In Defense of Crime Reporters

There may be no more difficult–or harrowing–job in the newsroom than being a crime reporter, covering the murders in a large metropolitan area. You are at the mercy of the police reports, families don’t want to talk, and the 24-hour news cycle, even at a newspaper, demands you get information out quickly.

So what do you do when the police report identifies the victim of a murder in an area known for prostitution, drug deals, and homeless camps as a man, but says the victim also went by a woman’s name?  That was the dilemma faced by reporters in Houston reporting on the murder of Myra Chanel Ical. Here’s how the Advocate summarized the controversy over how Ical’s murder was covered.

The half-naked body of a 51-year-old trans woman was found last week in a vacant lot in the Montrose area of Houston, Texas. But reports of Myra Ical’s death have been salacious at best, with mainstream media referring to Myra as a man, saying the area where her body was found was known by police to be frequented by prostitutes and drug users.

The Houston Chronicle reported that Ruben Dario Ical “also went by the name of Myra Chanel Ical” and that “he had numerous bruises and defensive wounds, as if he had struggled against his attacker.”

The coverage of Ical’s murder has resulted in a letter, sent by local gay activist Meghan Stabler, decrying the coverage as “lazy and irresponsible journalism” caused by “ignorance about transgender issues that is rampant among far too many reporters despite the existence of resources to help them report accurately.”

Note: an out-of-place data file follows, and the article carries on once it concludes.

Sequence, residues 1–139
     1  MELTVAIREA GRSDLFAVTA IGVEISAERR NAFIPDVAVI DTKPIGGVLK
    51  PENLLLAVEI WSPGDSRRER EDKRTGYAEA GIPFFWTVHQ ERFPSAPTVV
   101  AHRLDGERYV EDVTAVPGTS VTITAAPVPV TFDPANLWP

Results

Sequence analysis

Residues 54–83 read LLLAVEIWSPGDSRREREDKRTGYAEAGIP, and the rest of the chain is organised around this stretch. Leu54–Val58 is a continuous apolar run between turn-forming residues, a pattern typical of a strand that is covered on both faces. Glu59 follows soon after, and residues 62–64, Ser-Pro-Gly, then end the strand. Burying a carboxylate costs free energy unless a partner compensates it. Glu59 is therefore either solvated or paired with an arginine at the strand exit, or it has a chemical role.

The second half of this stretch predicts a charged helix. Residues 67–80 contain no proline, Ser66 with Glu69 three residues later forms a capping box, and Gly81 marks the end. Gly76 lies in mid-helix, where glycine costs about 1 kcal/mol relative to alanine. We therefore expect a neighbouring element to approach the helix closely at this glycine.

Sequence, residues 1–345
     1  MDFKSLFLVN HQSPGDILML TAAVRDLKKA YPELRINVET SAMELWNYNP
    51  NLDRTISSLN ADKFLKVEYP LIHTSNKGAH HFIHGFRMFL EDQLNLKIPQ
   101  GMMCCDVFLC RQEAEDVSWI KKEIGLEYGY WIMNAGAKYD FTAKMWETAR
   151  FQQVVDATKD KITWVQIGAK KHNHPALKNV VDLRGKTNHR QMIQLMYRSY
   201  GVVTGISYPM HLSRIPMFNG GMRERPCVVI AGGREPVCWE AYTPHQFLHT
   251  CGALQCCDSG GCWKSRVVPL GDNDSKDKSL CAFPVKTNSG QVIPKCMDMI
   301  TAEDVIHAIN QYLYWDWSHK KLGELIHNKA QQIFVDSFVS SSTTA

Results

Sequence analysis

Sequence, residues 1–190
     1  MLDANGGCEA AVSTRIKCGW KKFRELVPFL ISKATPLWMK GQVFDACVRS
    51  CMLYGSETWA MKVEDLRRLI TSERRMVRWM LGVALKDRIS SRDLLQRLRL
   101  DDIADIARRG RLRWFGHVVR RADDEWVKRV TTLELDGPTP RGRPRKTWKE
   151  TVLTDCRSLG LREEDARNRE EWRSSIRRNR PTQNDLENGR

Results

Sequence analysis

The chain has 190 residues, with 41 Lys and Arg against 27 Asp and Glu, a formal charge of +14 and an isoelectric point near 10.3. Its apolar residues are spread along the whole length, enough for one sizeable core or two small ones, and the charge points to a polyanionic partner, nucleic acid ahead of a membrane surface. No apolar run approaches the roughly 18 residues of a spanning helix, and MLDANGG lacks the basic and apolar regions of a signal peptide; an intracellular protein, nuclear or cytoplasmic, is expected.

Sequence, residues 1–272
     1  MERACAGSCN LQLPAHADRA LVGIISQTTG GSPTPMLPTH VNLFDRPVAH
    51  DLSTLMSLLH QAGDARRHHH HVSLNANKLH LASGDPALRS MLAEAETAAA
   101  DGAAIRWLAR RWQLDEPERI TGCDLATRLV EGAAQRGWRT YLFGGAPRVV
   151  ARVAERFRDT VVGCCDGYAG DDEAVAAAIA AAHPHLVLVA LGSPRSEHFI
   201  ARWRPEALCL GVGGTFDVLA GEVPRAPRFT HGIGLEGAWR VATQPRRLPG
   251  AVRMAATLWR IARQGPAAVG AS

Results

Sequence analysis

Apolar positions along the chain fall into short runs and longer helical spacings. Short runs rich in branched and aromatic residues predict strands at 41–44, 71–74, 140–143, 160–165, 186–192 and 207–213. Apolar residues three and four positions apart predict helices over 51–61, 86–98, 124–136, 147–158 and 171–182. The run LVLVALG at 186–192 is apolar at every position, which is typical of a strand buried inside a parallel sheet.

But was it? If you look at the Chronicle‘s story, they basically took information from the Houston Police Department report.  How the police department came to identify Ical as Ruben Dario Ical, who also used the name Myra, is unclear.  Was it based on driver’s license?  Fingerprints?  We don’t really know.

I emailed the folks at the Houston Press, an alternative weekly in Houston, who run a blog Bayou Body Count which covers murders in Houston, including Ical’s. The Press initially identified Ical as a man–based on information from the police department–but then changed the pronouns in the story once more information was known and criticism mounted.

The editor explained that the blog gets its news from HPD and, unless there is something striking about the murder, they just report on what is available from the police department.  Murder is not a unique happening in Houston, like many cities, and the blog can report on multiple murders a day.

To the Press‘ credit, they changed their story once more information was available and after conversations in the newsroom.  That’s they way these kinds of things are supposed to happen. And, arguably, they local press was in a Catch-22 on covering the murder to begin with since they were reporting based on police information.

The situation reminds me of a previous post about the murder of three transgender Native Americans in Albuquerque, N.M. and figuring out the proper way to describe the victims. There was a need for more reporting and greater sensitivity, but the situation was complex to figure out.

Before we can criticize the immediate reporting of the story, we need to know why the police identified Ical the way they did.  Did the reporters know what gender Ical identified as in public? The NLGJA stylebook says, “[w]hen writing about a transgender person, use the name and personal pronouns that are consistent with the way the individual lives publicly.” But how do you find that out for a murder victim?  What if no family is talking?  What if you need to get the story out before you can verify how the victim lived publicly?  These aren’t easy problems to solve.

The obvious answer is more reporting.  And when new information is available, as the Press did, change the story to reflect that new information. In a story today about a candle light vigil, the Chronicle avoids using pronouns, but calls the victim Myra Chanel Ical. KHOU has done a follow-up story which also describes Ical as a woman.

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